The following article was recently published by a media source in the Oxford, Mississippi area, and has been repurposed for The 410 Bridge blog. Read more about how God is bridging together local churches, organizations and university students–including the Ole Miss football team–with the community of Camp Marie, Haiti.
For the third year in a row, Ole Miss coaches and football players will participate in a special mission trip to Camp Marie, Haiti during Spring Break (March 12 through 20). But this year will be bigger and better. Their good works will be multiplied by the addition of church groups, a group from FNC and other Oxonians. Additionally, HottyToddy.com has just learned that Ole Missions, a student-led mission group is sending 50 students to Haiti.
According to Lance Reed, owner of Chick-fil-A on Jackson Avenue, the idea of going to Haiti for missions started three years ago when he, Coach Freeze and football Chaplin, John Powell, got together for a discussion.
“Myself, John Powell and Coach Freeze sat down three years ago and had a talk,” Reed said, “and it has grown into what it [the mission trip] is today.”
In 2014, Coach Freeze took 17 members of the football team on the mission trip. In 2015, Freeze took another 12 members of the team back to Haiti, including quarterback Chad Kelly.
“I think every individual is different,” Freeze said last year. “Everybody sees it from a different angle and a different perspective, and what moves someone may not move the other and vice versa. But I think it’s very clear that each person that went probably gets slapped in the face of reality that we have it really good and we are very, very blessed and fortunate.”
This year, what has been estimated at about 50 Oxonians (members of FNC, the Orchard Church and others) will join Freeze and his players to improve water irrigation and education in Camp Marie.
“It’s a city wide thing that is starting,” said Pat Ward, pastor at the Orchard. “That’s one of the reasons why we wanted to be a part of it [410 Bridge mission trip]. We wanted to see churches and non-religious organizations get together.”
Together, FNC, the Orchard Church and the Ole Miss Football team will come together at some point on the upcoming March trip to help Camp Marie with its irrigation system. Throughout the week, the teams will break off and focus on more specific needs in the community such as education and business training.
Joel Amidon, one of the 15 mission members of the Orchard church and assistant professor in the department of teacher education at Ole Miss, will provide education training on the mission trip.
“My area is math education, and I know how to teach,” Amidon said. “I’ll be teaching teachers how to figure out where kids are to move them on to the next stage.”
According to Amidon, education materials are being translated into French Creole, Camp Marie’s language, and will be given to teachers in the community.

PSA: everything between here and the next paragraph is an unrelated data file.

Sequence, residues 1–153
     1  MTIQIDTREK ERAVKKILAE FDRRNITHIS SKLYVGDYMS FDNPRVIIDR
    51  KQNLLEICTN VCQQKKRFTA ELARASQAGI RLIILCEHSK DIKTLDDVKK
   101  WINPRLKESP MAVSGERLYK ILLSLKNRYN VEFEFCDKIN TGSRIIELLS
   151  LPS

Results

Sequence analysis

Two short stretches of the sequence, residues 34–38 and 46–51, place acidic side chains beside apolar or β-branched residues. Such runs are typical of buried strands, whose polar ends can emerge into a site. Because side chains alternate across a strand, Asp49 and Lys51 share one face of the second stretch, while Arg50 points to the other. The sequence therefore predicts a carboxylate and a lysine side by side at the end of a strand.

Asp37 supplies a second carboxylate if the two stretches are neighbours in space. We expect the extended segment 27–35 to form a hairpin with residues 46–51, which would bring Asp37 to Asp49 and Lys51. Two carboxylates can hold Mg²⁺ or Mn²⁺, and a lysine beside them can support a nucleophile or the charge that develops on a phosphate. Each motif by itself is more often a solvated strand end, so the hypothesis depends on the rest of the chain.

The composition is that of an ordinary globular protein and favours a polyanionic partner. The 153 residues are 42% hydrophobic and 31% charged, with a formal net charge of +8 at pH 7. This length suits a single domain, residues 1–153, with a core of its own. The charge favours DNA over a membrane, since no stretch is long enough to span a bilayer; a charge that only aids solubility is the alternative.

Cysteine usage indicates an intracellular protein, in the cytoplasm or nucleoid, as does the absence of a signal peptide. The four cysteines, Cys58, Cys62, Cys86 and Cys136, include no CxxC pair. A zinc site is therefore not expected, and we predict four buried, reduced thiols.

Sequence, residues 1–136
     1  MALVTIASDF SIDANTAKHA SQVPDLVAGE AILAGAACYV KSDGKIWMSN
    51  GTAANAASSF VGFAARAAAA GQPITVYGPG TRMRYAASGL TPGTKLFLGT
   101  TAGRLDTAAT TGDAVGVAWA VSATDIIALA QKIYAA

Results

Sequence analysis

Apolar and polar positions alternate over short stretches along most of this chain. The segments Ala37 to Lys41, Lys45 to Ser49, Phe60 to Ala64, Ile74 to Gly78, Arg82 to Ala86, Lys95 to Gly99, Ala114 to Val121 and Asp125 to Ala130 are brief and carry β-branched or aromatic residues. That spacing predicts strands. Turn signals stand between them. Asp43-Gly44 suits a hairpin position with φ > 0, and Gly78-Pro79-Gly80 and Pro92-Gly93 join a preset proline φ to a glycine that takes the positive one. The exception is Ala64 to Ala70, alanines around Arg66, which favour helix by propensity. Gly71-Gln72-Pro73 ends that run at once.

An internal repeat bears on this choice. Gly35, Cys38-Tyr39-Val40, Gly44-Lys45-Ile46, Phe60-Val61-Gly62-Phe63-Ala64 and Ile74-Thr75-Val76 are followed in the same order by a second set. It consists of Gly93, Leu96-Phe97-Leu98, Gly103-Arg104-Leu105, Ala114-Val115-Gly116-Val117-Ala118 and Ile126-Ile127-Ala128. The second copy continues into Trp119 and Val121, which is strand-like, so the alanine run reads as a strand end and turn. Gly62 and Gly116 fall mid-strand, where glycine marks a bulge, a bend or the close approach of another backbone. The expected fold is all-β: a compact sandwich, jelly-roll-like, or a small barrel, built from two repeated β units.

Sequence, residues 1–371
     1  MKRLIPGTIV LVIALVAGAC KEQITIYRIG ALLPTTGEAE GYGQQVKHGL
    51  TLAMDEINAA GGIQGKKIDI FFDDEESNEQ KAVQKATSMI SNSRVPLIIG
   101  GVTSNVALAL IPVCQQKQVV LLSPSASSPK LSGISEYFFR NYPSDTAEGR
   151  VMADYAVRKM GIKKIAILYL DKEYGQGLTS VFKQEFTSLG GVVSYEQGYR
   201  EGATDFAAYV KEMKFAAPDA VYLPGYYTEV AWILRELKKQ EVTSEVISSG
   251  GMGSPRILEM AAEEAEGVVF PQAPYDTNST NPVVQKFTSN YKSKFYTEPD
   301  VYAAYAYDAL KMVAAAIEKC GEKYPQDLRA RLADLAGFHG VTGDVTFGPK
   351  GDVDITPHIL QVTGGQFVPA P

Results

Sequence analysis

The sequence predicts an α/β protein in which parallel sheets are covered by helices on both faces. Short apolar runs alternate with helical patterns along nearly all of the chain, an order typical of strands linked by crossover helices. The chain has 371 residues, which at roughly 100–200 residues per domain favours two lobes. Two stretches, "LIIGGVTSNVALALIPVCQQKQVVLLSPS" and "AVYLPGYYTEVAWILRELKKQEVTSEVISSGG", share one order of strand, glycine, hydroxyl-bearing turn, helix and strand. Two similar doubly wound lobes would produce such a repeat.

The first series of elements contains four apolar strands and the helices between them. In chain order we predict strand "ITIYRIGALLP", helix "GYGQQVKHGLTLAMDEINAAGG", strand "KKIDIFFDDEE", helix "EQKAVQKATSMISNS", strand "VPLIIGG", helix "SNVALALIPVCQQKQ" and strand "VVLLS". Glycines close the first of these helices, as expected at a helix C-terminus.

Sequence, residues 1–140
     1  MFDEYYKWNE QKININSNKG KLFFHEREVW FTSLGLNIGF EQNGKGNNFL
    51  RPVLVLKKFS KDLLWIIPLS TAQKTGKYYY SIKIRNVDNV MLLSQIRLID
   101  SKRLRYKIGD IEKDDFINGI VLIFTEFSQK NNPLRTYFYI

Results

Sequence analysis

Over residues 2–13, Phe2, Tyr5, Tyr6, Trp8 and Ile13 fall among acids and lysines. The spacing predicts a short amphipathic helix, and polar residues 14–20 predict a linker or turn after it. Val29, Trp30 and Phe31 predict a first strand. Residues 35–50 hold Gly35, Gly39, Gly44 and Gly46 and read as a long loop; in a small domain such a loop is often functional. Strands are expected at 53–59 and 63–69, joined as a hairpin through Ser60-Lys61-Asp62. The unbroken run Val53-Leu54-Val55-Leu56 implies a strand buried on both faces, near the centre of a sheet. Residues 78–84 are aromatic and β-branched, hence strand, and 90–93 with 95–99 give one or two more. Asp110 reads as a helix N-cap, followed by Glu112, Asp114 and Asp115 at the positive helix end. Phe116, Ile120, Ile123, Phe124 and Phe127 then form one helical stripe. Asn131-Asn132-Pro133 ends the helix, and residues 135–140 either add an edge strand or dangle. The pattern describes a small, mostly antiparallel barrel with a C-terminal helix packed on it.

“My passion is teaching and working with teachers, specifically math teachers,” Amidon said. “I can use my talent that God’s given me to teach in Haiti.”
FNC will provide business training by walking alongside Camp Marie members who currently attend Business Startup Training, a community program offered through partnership with The 410 Bridge. The course gives entrepreneurs 30 days of training and equips students to launch new businesses with the techniques learned from the program.
Mike Mitchell, the chief strategy officer for FNC, said he was approached about taking a group of 15 people from FNC to Haiti and knew it would be a good fit.
“FNC’s culture is about service. Family and staff will improve through this type of mission project,” Mitchell said. “The idea of being able to do it along with The University of Mississippi and other churches and organizations in Oxford made it attractive to go in a multi-year commitment through this project.”
Together, the Ole Miss football team, the Orchard and FNC will get to share cross-cultural experiences and show one another hospitality.
Camp Marie, Haiti, is a town of 7,000 people located 90 minutes north of Port-au-Prince, Haiti. The town has eight churches and seven primary schools.
Haiti grosses an average $8.4 billion on tea, coffee, fish, petroleum, cement and agriculture. With a tropical climate, Camp Marie’s economy relies mostly on locally grown fruits and vegetables.
Religiously, 80 percent of the population is Christian, but voodoo practices still have a presence in Camp Marie.
Article Source/Author: HottyToddy.com/Emily Newton
At The 410 Bridge, we are excited to see growth and transformation in this community happening at such a rapid pace over the last few years. This is due much in part to our friends in Oxford joining forces to walk alongside community leaders in Camp Marie. The community has been engaged from the beginning with a strong desire to see their surroundings change for the better.
In 2014, teams from Oxford helped the community with a road project so that roads could be widened to bring in larger vehicles carrying supplies for a water project, and vehicles for U.S. teams to visit. That led to the 2015 completion of bringing safe water to Camp Marie for the first time ever. With this level of empowerment to the community, leaders are now ready to begin a larger water irrigation project that will lay the groundwork for a future in farming large lots of land.
In all of this, the community development projects and teams provide a rich opportunity to build relationships while bridging cultures, and ultimately coming to know the love of Christ while administering God’s grace to one another. We are thankful.
If you are interested in learning more or helping fund the work we are doing in Camp Marie through the local church, visit our Camp Marie community page by clicking here: Camp Marie Profile.